Thank you to Bianca and the team from Fish Community Solutions for the opportunity to attend the workshop! It was certainly an eye-opener and opportunity to discover some new fundraising ideas, concepts and pathways for my own fundraising that have certainly helped since the one day workshop. Much of what I have learnt has formed the basis for our fundraising strategy for the coming months and years. It has also shown I have more to learn!
2014 Winner: Chantelle Baxter
One Girl, Co Founder and CEO
It was my first ever fundraising training session. Despite the fact that I’ve been fundraising for almost 5 years now, I’d never once had any formal training. I was nervous but excited about what was in store.
Over the course of the day, we covered a variety of topics – but there were a few key takeaways for me that stood out as the three key things that were going to drastically change at One Girl.
Get a Donor Database
Our teacher said “the money is in your database” – the best fundraisers use their database wisely. I was a little shocked – we don’t even HAVE a database! We’ve got mailing lists that we use on an ad hoc basis, but we aren’t keeping track of who has donated what, how much they’ve donated over time – NONE OF IT! That changed as soon as I got back into the office. We’re now in the midst of creating our own donor database so we can start tracking the people that have donated to us and moving them up the fundraising pyramid.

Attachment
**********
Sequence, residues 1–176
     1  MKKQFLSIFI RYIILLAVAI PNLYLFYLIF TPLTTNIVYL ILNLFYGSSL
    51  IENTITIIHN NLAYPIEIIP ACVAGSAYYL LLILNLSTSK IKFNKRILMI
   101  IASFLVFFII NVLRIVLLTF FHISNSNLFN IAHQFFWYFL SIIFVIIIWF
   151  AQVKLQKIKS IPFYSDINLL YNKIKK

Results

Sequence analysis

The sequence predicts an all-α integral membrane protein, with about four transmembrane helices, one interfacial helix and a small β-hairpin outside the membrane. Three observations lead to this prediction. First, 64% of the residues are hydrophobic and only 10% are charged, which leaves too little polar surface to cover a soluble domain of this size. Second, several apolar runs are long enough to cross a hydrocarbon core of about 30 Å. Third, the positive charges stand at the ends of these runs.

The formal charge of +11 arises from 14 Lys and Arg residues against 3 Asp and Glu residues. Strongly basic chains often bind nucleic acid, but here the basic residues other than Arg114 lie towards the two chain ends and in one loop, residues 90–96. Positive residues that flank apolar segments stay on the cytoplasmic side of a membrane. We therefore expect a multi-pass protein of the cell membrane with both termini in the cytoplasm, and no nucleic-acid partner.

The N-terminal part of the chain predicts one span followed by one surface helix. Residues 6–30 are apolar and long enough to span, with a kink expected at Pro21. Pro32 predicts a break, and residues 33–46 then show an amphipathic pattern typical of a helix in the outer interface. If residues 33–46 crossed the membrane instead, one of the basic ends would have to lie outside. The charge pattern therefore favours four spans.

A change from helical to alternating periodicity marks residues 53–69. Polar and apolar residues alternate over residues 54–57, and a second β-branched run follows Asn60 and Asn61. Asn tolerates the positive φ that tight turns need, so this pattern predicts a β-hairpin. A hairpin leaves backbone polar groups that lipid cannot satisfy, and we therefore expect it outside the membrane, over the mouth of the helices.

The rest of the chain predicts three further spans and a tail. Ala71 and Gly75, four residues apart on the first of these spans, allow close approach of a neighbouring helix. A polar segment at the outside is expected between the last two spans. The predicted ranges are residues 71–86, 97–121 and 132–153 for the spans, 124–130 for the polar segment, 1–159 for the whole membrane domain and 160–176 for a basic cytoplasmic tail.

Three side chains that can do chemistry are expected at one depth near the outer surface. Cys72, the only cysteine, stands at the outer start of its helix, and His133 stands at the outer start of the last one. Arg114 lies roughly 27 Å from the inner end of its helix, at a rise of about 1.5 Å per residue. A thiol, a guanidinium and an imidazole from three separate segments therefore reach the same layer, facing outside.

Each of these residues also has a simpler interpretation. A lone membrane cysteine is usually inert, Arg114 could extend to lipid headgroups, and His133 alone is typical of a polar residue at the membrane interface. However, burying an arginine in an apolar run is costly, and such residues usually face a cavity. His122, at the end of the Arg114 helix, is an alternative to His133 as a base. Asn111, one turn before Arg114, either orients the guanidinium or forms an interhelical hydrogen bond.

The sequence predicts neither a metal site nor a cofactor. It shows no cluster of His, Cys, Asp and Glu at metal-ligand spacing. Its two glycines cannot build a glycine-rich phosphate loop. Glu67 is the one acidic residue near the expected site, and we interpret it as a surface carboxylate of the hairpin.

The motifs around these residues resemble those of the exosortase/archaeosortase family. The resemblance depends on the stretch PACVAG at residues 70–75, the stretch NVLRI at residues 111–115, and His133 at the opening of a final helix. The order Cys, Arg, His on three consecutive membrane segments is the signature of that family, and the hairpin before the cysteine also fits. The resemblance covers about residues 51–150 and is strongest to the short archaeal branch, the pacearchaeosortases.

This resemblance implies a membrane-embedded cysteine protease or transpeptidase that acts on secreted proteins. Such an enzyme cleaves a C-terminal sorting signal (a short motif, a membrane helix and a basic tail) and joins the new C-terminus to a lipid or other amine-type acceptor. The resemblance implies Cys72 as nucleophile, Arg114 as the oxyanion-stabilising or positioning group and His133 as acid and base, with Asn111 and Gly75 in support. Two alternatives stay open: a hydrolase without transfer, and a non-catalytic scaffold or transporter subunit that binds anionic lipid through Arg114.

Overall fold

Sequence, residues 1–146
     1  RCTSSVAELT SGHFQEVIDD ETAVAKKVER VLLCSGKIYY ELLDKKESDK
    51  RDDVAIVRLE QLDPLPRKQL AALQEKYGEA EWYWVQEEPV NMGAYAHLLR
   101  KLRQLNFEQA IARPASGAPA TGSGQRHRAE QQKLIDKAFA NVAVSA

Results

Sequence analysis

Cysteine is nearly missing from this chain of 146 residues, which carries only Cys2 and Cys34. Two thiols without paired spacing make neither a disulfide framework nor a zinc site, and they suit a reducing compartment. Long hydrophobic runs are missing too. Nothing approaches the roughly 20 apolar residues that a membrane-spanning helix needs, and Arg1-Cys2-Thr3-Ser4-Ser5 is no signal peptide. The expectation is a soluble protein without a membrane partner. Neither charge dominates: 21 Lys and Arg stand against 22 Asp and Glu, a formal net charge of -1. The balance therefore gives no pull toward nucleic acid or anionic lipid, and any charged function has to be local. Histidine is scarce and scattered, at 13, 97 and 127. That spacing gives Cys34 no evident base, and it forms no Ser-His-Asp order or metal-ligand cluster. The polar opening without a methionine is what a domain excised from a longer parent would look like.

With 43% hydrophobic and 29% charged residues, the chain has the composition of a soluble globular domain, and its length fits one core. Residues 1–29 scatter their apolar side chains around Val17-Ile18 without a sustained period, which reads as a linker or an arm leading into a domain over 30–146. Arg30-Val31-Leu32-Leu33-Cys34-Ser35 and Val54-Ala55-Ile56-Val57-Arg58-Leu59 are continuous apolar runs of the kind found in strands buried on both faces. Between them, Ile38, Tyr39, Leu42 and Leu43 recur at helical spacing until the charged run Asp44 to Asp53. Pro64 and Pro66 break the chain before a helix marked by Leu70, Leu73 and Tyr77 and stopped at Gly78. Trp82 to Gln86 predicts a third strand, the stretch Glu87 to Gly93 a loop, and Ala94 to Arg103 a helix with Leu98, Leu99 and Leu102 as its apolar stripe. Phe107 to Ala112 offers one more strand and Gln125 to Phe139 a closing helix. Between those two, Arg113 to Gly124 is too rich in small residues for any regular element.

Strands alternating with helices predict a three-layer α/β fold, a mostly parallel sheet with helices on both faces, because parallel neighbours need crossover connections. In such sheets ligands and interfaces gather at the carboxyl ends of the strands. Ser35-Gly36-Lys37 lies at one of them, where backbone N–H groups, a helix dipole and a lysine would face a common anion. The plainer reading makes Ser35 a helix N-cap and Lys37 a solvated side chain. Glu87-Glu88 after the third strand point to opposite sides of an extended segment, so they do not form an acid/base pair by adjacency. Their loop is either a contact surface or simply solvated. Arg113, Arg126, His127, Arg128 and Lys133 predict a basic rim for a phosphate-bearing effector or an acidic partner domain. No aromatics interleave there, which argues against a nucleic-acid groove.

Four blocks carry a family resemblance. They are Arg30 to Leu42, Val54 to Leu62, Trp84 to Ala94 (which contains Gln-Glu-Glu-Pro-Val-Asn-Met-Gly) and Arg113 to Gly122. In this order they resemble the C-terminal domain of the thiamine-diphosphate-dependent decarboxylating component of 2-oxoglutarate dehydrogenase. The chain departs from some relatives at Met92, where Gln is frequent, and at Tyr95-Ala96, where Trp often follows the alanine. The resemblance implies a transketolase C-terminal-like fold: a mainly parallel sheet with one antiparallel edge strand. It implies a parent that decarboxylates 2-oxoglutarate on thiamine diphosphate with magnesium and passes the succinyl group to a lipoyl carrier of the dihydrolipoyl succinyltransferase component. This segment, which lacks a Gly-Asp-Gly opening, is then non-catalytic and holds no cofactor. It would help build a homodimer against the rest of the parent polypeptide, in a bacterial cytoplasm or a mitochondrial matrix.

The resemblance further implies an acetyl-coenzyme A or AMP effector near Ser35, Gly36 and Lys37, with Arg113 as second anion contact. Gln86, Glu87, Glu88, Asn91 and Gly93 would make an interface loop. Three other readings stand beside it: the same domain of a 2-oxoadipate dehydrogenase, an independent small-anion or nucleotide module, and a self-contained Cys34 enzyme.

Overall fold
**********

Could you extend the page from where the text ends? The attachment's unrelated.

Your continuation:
The 80/20 Rule – 80% on your current donors, 20% on acquisition
As an organization, we spend almost ALL of our time on recruiting new donors, fundraisers, ambassadors and supporters. We’ve put very little energy into nurturing the donors we currently have, beyond a couple of emails and a personalised video if they’ve done an amazing job. In this course I discovered that not only is acquisition expensive, but you’ll find that you can drastically increase your income by nurturing the supporters you ALREADY have. In 2015, we’re now spending 80% of our time loving up our current supporters and just 20% of our time focused on finding new people. And as they say – if you delight the believers, they’ll find the new donors for you!
Move people up the fundraising pyramid
I also learnt that we need to provide new opportunities for people to give. At the moment we focus quite heavily on peer to peer fundraising, but we need to have a supporter channel that we can move people through. Perhaps they give a one off donation, then they come to a gala, then they become a monthly supporter. We need to create channels and opportunities for people to engage with us. Diversifying our income stream and having more product offerings is another big focus for this year.
Overall, the FIA Essentials course was fantastic. It covered not only some basic theory of fundraising, but I took away some very important actions that I could see would make a big difference to our current operations. I’m very grateful for the scholarship and I have no doubt it will have a huge impact on our fundraising this year! Thanks so much to Fish Community Solutions for the opportunity. You guys rock!